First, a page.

A PICTURE can change everything – especially a photograph of a drowned child washed up on a Mediterranean beach – and now we’re all sitting up and taking note of the refugee crisis in the north.
It’s not as if we weren’t aware of it. All year, there’ve been reports of migrants, an estimated 350 000 of them, fleeing north Africa and the Middle East for Europe. To date, an estimated 3 500 have died in the attempt to get there.
Last Thursday, the bodies of 71 people – thought to be Syrian – were found in an abandoned 7.5 tonne refrigerated truck that was used to smuggle them into Austria.
That’s a lot of people in a truck that size. To demonstrate the point, a German theatre company invited members of the public to cram themselves into a similar sized truck to get an idea of what those refugees had experienced before they suffocated. When the 71 volunteers finally squeezed into the truck, a space measuring 2.5 metres by six metres, they could not shut its doors.
But however inventive cramming healthy Germans into a truck may be, nothing has grabbed our attention as much as those photographs of three-year-old Aylan Kurdi, the boy whose body was found on a Turkish beach on Wednesday, the morning after he and his family set out with other Syrians in an overcrowded rubber dinghy in the dead of night from Bodrum, Turkey, for the Greek island of Kos.
It is a short journey, no more than a few kilometres, but it is a dangerous one and they had been at sea for all of four minutes when the dinghy’s owner abandoned the vessel and its passengers.
The dinghy was one of two vessels that sank that night. At least 12 people drowned – including Aylan’s five-year-old brother brother, Galip, and their mother, Rehan. Their father, Abdullah, was found semi-conscious and taken to hospital before returning to Syria. He buried his family yesterday.
Galip was also photographed, slightly distended belly exposed. But for all the horror of that grim tableau at the water’s edge, it was Aylan’s pictures that, according to one headline writer, “broke the world’s heart”.
There were two memorable images. In the one, the boy lies face-down, in his sneakers, blue shorts and a red shirt, almost as if he’s peacefully asleep. It is the other, though, that has captured editors’ imaginations, the one of Aylan in the arms of a Turkish rescue worker who had scooped him up from the surf.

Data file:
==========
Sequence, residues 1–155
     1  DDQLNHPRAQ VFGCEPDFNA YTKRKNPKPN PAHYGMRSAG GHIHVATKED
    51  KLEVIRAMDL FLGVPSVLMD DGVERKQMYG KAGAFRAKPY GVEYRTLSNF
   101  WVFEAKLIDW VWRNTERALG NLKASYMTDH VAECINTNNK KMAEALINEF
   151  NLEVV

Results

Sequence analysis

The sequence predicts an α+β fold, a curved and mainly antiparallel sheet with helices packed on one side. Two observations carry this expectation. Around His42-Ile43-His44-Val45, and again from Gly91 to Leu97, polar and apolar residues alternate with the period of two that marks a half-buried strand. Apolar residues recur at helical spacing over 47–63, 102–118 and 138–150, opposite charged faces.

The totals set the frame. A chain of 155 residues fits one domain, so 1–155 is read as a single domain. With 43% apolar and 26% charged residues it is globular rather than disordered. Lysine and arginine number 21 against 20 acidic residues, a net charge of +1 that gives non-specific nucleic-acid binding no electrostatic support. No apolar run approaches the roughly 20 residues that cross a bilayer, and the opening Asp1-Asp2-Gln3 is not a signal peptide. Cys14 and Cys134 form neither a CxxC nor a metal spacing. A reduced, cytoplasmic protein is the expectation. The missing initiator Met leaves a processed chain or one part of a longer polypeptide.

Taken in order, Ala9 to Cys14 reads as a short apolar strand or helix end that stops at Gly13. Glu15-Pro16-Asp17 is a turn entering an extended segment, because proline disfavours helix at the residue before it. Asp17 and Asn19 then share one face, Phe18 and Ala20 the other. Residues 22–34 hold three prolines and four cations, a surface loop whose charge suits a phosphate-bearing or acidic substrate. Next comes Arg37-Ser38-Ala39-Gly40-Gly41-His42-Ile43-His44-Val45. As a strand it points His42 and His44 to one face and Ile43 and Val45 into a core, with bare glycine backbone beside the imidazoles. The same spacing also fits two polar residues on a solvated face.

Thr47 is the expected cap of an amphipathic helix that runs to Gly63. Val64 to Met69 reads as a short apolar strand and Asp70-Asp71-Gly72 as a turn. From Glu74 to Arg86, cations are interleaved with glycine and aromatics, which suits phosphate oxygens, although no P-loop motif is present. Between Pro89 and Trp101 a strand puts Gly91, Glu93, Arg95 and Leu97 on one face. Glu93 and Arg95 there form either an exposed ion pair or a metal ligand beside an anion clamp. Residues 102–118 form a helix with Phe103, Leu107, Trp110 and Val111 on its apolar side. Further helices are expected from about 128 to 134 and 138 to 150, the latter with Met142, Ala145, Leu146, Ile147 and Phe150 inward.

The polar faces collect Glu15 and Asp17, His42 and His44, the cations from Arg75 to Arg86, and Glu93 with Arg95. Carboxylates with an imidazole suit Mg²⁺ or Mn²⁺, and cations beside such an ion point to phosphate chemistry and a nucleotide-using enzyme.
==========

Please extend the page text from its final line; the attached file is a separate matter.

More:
Sarah Crowe, a former BBC journalist who covered the South African story in the 1980s and is now Unicef’s chief of crisis communications, has likened it to the iconic Soweto uprising photograph of a fatally wounded Hector Pieterson carried in the arms of a student, a startling image that came to symbolise the struggle against apartheid. She has however warned that the proliferation of such images on social media could desensitise the public to the plight of the refugees.
That may yet happen. But Aylan’s fate has, for now, certainly resulted in much handwringing, and there is a great clamour that Britain and the United States do more to shoulder Europe’s burden here, if only because their military involvement in the region’s conflicts has done much to make leaving seem the better option.
But there are other reasons why refugees from Syria, Egypt, Afghanistan, Libya, Iraq, Eritrea, Somalia and elsewhere are flooding into Europe. They include the fallout from the Arab Spring, drought, poverty and sectarian warfare.
Regarding the latter, it is doubtful whether President Jacob Zuma would have suggested a tour of Darfur’s killing fields when he accepted an invitation from Omar al-Bashir, the well-known fugitive from Khartoum, to visit Sudan when the two met in China this week.
Still, one hopes. He has much to learn of the world.
Elsewhere, South Africa has now, of all times, chosen to deal with its own unwanted foreigners by withdrawing the refugee status of about 2 000 Angolans and deporting them in what has been described as a strategy by the Department of Home Affairs to reduce asylum-seekers. Very bad timing, you could say.
Many of these Angolans have been here for as long as 18 years and have families, according a report from Scalabrini, a migrations organisation. Some 89% of them are employed here, and 34% own their own businesses – 69% of them employing locals.
The Scalabrini report was presented to Home Affairs on behalf of the Angolans, but as The Times put it, “officials were unmoved”. Showing them photographs of Aylan probably wont’t do much to change the situation, either.
This article first appeared in the Weekend Argus.